On the other hand, if your bookkeeping application uses a database try to keep things as tidy as possible.

Just dont break the first normal form. Nowadays with json columns breaking the first normal form is a real dumb move.

I’d rather say: use an ORM ! It will design the DB schema better and faster than you. Still comprehensive enough

If you’re doing any moderately complex analysis of the data in your database, the ORM will quickly start falling down. Abstracting the query layer into the application codebase is nice, and mapping entities to objects is nice, but ORM is not a silver bullet. Learning what makes for a good schema vs a bad schema and how to avoid N+1 loading or query problems is important no matter what.

ORMs aren’t bad, but learn their escape hatches or else you’ll have a hard time doing more complicated things.

It also usually forces your design towards the entities themselves rather than the specific way they’re stored, which positions you better for switching to a completely different storage system in the future if, for instance, it’s becoming too slow or expensive to maintain everything in a traditional big name RDBMS.

> forces your design towards the entities themselves

I agree that it’s very important to not let the physical schema leak into the rest of the system, and to have a strong conceptual model (aka entities and relations). This has been well understood for almost half a century: https://en.wikipedia.org/wiki/Three-schema_approach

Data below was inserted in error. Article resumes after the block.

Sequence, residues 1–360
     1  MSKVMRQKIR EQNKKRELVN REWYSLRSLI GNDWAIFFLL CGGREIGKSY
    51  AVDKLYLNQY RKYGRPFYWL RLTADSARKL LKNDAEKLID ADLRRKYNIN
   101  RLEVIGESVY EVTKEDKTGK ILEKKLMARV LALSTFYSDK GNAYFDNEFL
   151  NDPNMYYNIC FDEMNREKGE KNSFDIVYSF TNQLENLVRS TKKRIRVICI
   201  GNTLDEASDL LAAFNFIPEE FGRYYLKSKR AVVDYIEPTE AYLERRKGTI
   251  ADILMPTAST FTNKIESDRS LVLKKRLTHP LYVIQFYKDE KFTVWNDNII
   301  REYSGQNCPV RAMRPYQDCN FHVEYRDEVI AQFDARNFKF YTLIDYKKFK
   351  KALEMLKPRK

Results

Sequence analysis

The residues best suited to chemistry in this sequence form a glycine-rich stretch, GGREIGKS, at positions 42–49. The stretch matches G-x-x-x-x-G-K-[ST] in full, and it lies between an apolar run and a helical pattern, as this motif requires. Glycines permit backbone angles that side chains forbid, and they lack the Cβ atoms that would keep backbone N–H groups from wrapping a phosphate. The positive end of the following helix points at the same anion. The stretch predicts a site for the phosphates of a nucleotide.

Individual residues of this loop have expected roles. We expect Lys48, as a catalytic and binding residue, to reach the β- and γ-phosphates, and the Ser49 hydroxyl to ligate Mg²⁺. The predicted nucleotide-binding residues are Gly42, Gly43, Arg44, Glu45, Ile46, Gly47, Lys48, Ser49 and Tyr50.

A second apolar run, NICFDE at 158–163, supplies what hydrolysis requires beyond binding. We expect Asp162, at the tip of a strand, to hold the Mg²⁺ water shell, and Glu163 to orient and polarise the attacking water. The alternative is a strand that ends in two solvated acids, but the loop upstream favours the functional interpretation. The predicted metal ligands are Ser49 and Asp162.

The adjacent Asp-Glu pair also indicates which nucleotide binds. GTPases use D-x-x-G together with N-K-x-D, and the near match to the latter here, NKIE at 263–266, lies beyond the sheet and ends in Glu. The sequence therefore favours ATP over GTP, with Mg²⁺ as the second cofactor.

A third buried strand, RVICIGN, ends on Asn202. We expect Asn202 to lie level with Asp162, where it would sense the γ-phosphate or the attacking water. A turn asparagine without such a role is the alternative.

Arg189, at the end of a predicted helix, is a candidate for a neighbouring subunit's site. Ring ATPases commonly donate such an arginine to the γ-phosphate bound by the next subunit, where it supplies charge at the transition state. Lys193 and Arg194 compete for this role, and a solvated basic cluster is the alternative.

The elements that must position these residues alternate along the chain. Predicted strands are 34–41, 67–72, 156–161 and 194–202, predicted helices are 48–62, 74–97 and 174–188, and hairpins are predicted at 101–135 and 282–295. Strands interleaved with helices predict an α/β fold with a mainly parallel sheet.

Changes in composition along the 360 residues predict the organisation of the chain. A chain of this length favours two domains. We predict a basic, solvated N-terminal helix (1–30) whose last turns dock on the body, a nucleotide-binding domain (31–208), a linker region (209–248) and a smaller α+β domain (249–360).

But I don’t think ORMs are in any special position to help with this. They typically introduce so much other confusion that they tend to divert attention from designing both a good physical schema and a good conceptual model, and maintain a sensible mapping between the two. This can be done with RDBMS views for example, with a fraction of the overhead of an ORM. Most ORM-based code bases I’ve seen leak tons of db-level details.

> switching to a completely different storage system in the future

Designing for this eventuality is not healthy IMO. If you get there, it will be a so-called “good problem to have” and you will have to deal with whatever unique challenges you face at that level. We might as well be writing code with the possibility of “switching to a completely different programming language in the future” in mind. Yes, clean, modular code will help, but beyond that, not committing to the capabilities of the tools you have chosen will harm you system.

I’d say this applies to virtually all best practices, patterns, architectures, etc. If you’re doing something very simple, who cares about modularity or any kind of code hygiene? I don’t. But what happens in reality? Simple and small systems or experiments grow, one little addition at a time, and we all know the mess that ensues.

So in my understanding, the question posed only applies to at least moderately complex systems, which is where engineering skills matter. And in that context, learning what distinguishes a good database design is obviously very valuable, not to say crucial.

> Nobody understands three lines of code of queries with left and right joins.